NATO dismissed an alleged Libyan government ceasefire offer on Friday, as two international rights groups condemned indiscriminate attacks in the western Nafusa Mountains area by Libyan leader Moamer Gaddafi's forces, dpa reported.
"You may have seen press reports of a letter from the Gaddafi regime proposing a ceasefire. It was not sent to NATO. And anyway, words are not enough. The regime has made similar statements before and then continued shelling," NATO spokeswoman
Oana Lungescu told reporters in Brussels.
On Thursday, Libya's government called for a ceasefire and unconditional talks with the opposition. Prime Minister Al-Baghdadi Ali al-Mahmoudi reportedly wrote to several countries about the plan, including Spain.
The ceasefire offer is allegedly based on an African Union plan to end the three-month conflict, but does not mention the future of Gaddafi. A key demand of the opposition is that he stands down.
The United States did not see the offer as credible, according to White House deputy national security adviser Ben Rhodes, speaking at the G8 summit in Deauville, France.
Meanwhile, London-based Amnesty International said that attacks by Gaddafi's forces have forced many civilians to flee the area across the nearby border into Tunisia, while scores of young men have disappeared and have not been seen from or heard of again.
The group called on the government to stop its "indiscriminate weapons (cluster weapons, anti-personnel landmines, Grad rockets), and lift arbitrary restrictions to access to water, electricity, fuel and other basic necessities in the region.
"Grad rocket attacks are launched almost every day into residential areas with no discernible military target," said Sarah Lea Whitson, Middle East and North Africa director at Human Rights Watch.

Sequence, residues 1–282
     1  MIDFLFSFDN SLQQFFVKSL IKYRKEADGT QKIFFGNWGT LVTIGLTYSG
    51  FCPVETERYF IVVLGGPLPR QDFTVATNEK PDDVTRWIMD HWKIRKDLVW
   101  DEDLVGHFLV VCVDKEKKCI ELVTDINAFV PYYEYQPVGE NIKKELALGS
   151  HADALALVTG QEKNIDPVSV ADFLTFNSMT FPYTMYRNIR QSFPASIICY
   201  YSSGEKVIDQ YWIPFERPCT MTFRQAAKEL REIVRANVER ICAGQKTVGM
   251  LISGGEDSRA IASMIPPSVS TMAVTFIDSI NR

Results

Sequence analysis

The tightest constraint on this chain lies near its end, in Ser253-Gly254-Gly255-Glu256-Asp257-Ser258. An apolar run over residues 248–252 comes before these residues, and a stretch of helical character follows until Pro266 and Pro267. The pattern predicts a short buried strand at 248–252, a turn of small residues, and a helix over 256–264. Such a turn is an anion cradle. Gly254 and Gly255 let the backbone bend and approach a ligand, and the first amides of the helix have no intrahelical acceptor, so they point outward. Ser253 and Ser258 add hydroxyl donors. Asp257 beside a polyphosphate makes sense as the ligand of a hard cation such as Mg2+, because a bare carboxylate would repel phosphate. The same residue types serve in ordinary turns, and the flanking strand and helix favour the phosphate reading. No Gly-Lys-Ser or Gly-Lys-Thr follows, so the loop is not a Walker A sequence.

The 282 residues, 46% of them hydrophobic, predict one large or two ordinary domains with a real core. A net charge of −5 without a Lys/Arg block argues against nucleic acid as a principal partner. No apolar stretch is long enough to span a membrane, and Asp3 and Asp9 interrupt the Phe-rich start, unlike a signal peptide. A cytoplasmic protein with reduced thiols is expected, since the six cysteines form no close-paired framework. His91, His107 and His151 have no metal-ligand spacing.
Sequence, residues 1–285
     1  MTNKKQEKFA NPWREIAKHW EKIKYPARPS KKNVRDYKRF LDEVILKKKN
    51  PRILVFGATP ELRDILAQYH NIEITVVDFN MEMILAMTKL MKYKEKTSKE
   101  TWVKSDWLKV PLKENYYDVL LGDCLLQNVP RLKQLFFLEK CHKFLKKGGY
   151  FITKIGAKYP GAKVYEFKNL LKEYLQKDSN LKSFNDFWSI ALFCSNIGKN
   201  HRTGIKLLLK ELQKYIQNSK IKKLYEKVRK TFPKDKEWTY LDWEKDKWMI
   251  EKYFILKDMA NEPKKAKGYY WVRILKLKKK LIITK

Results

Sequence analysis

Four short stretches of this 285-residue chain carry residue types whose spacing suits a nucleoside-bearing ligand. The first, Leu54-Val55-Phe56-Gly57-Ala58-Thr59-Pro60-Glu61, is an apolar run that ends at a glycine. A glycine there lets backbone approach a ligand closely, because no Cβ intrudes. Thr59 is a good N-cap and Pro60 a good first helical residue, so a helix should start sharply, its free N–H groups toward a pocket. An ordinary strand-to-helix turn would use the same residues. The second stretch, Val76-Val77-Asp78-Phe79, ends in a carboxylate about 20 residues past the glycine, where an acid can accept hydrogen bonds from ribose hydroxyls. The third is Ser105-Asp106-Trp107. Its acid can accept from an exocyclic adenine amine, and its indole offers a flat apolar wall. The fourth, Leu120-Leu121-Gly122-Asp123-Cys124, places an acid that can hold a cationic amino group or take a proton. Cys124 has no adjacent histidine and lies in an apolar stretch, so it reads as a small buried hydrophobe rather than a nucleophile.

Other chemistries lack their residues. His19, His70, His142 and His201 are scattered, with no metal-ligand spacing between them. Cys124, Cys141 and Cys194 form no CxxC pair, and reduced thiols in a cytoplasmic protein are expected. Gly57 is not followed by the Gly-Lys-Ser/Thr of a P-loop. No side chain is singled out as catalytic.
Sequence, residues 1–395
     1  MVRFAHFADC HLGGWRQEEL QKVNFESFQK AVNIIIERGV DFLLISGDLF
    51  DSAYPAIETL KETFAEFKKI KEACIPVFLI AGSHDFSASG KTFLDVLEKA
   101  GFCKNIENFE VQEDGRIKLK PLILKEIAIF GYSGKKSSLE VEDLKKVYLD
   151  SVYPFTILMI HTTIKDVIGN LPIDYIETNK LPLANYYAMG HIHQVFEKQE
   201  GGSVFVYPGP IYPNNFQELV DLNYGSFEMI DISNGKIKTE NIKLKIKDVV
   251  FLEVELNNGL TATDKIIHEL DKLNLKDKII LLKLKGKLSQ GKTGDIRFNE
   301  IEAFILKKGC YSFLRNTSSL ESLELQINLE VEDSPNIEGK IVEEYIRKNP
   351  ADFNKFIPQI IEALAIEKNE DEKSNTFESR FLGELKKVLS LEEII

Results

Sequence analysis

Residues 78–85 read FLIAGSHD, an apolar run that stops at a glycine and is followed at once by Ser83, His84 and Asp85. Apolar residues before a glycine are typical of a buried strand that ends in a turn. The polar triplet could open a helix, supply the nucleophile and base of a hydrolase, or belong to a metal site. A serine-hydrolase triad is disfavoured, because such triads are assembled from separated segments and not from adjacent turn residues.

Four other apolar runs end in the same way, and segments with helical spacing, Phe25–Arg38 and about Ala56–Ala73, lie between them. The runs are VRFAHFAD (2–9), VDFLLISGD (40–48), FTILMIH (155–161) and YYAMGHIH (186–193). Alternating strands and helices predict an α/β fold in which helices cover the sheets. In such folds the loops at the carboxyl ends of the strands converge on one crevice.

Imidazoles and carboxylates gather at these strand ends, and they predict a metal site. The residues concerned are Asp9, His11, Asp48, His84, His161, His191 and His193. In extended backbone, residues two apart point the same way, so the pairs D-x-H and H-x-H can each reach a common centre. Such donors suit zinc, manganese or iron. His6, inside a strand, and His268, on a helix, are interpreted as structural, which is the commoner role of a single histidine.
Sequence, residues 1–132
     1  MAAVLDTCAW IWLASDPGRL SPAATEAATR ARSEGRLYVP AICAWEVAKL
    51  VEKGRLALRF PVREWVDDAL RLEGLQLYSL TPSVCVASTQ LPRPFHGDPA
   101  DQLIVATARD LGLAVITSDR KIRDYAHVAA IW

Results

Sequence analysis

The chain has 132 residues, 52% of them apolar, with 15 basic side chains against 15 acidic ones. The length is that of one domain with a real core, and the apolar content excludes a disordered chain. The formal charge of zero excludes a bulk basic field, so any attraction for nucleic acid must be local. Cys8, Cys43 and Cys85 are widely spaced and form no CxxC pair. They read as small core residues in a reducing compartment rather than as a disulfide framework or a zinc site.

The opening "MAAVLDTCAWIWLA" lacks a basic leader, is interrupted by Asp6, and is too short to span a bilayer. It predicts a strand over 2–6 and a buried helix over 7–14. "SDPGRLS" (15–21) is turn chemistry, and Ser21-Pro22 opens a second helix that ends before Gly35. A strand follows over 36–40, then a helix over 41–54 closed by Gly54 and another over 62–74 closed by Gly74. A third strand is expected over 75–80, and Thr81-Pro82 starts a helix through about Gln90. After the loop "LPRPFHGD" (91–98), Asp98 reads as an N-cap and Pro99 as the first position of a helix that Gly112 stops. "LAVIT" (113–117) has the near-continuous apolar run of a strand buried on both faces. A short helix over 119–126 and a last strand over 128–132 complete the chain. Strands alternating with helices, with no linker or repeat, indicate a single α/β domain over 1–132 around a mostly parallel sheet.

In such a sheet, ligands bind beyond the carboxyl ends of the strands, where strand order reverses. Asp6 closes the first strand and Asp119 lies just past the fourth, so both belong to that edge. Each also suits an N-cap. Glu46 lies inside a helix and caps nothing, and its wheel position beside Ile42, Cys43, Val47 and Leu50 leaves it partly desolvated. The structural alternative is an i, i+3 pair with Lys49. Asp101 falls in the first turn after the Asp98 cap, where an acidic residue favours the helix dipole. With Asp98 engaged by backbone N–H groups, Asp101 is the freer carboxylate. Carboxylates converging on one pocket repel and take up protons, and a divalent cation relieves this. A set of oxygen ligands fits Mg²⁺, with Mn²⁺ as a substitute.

Residents in the western cities have made several pleas for help, as the area have been under siege - suffering daily attack by Gaddafi's forces - since early April.
There was a complete cut in electric service on Thursday to the towns of Zintan, Jadu and Ar-Rujban due to attacks by Gaddafi's forces on the electricity network, the opposition group Libya Hurra said.
On Friday, the G8 stressed it is resolved to see Gaddafi leave, with US President Barack Obama warning that NATO-led airstrikes would not end until the Libyan leader was ousted from power.
Speaking to Brussels journalists via videolink from operational headquarters in Naples, the commander of the NATO operations, Lieutenant General Charles Bouchard, said Friday that the alliance would press on with its air attacks.
Five explosions were heard near the Gaddafi's Babal-Aziziyah compound late Thursday, as NATO planes bombed targets in Tripoli overnight.
"There is no doubt in my mind that the regime is feeling the pressure of our successes," Bouchard said, also mentioning that a Libyan helicopter was shot down on Thursday in the western city of Zintan.
But he warned that pro-Gaddafi forces continued to pose a "significant" threat - saying that they had been spotted laying down anti-personnel mines around Misurata "in contravention to international law ... to prevent the population from moving."
Bouchard said there were no fixed deadlines for ending hostilities, reiterating NATO's three conditions: an end to violence; the retreat of military forces from built up areas, allowing for a "certifiable" ceasefire; and unhindered access for humanitarian aid.
"I am really optimistic that we will see a response soon, but when I cannot tell you that," he said.
NATO Unified Protector mission was given a three-month mandate starting March 31. Lungescu, acknowledging that NATO countries would have to "formally extend the mission," said that the alliance is "currently reviewing the effects of the operation" and would "then decide how to go forwards."